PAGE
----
Market Efficiency Laying the groundwork Why market efficiency
- Slides: 13
Market Efficiency: Laying the groundwork
Why market efficiency matters. . • The question of whether markets are efficient, and if not, where the inefficiencies lie, is central to investment valuation. – If markets are, in fact, efficient, the market price is the best estimate of value, and the process of valuation becomes one of justifying the market price. – If markets are not efficient, the market price may deviate from the true value, and the process of valuation is directed towards obtaining a reasonable estimate of this value. • Market 'inefficiencies' can provide the basis for screening the universe of stocks to come up with a sub-sample that is more likely to have under valued stocks – Saves time for the analyst – Increases the odds significantly of finding under and over valued stocks.
What is an efficient market? • An efficient market is one where the market price is an unbiased estimate of the true value of the investment. • Implicit in this derivation are several key concepts - – Market efficiency does not require that the market price be equal to true value at every point in time. All it requires is that errors in the market price be unbiased, i. e. , that prices can be greater than or less than true value, as long as these deviations are random. – Randomness implies that there is an equal chance that stocks are under or over valued at any point in time. If the deviations of market price from true value are random, it follows that no group of investors should be able to consistently find under or over valued stocks using any investment strategy.
Definitions of Market Efficiency • Definitions of market efficiency have to be specific not only about the market that is being considered but also the investor group that is covered. – It is extremely unlikely that all markets are efficient to all investors, but it is entirely possible that a particular market (for instance, the New York Stock Exchange) is efficient with respect to the average investor. – It is possible that some markets are efficient while others are not, and that a market is efficient with respect to some investors and not to others. This is a direct consequence of differential tax rates and transactions costs, which confer advantages on some investors relative to others. • Definitions of market efficiency are also linked up with assumptions about what information is available to investors and reflected in the price.
Information and Market Efficiency • Under weak form efficiency, the current price reflects the information contained in all past prices, suggesting that charts and technical analyses that use past prices alone would not be useful in finding under valued stocks. • Under semi-strong form efficiency, the current price reflects the information contained not only in past prices but all public information (including financial statements and news reports) and no approach that was predicated on using and massaging this information would be useful in finding under valued stocks. • Under strong form efficiency, the current price reflects all information, public as well as private, and no investors will be able to consistently find under valued stocks.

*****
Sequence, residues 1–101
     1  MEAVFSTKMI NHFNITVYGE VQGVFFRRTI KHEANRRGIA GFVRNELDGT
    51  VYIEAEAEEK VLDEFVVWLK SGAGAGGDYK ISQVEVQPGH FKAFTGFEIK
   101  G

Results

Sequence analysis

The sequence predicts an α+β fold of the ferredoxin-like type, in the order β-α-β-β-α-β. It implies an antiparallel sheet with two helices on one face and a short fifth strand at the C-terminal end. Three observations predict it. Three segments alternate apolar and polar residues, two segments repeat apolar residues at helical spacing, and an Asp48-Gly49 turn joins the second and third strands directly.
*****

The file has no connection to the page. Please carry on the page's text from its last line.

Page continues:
Implications of Market Efficiency • No group of investors should be able to consistently beat the market using a common investment strategy. • An efficient market would also carry negative implications for many investment strategies and actions that are taken for granted – a. b. c. In an efficient market, equity research and valuation would be a costly task that provided no benefits. The odds of finding an undervalued stock should be random (50/50). At best, the benefits from information collection and equity research would cover the costs of doing the research. In an efficient market, a strategy of randomly diversifying across stocks or indexing to the market, carrying little or no information cost and minimal execution costs, would be superior to any other strategy, that created larger information and execution costs. There would be no value added by portfolio managers and investment strategists. In an efficient market, a strategy of minimizing trading, i. e. , creating a portfolio and not trading unless cash was needed, would be superior to a strategy that required frequent trading.